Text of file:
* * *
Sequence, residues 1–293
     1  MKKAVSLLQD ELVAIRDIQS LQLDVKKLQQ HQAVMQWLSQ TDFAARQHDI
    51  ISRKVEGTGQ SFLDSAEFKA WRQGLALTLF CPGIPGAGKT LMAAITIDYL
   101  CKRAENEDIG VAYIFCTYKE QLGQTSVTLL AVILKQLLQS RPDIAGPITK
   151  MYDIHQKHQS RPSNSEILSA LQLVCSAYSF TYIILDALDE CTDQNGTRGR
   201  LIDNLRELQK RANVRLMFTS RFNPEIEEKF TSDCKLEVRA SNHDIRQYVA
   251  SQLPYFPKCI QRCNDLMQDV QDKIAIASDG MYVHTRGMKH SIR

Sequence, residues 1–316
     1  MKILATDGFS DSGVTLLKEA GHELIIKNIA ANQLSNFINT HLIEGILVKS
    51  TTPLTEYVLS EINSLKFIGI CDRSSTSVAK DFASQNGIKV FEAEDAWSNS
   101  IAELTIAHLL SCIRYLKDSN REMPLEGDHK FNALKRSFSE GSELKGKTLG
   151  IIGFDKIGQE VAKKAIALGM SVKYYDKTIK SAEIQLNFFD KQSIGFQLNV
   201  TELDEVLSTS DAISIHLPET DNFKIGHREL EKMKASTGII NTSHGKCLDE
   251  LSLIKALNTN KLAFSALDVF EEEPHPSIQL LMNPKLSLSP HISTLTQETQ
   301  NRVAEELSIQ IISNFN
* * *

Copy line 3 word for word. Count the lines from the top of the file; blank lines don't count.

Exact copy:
    51  ISRKVEGTGQ SFLDSAEFKA WRQGLALTLF CPGIPGAGKT LMAAITIDYL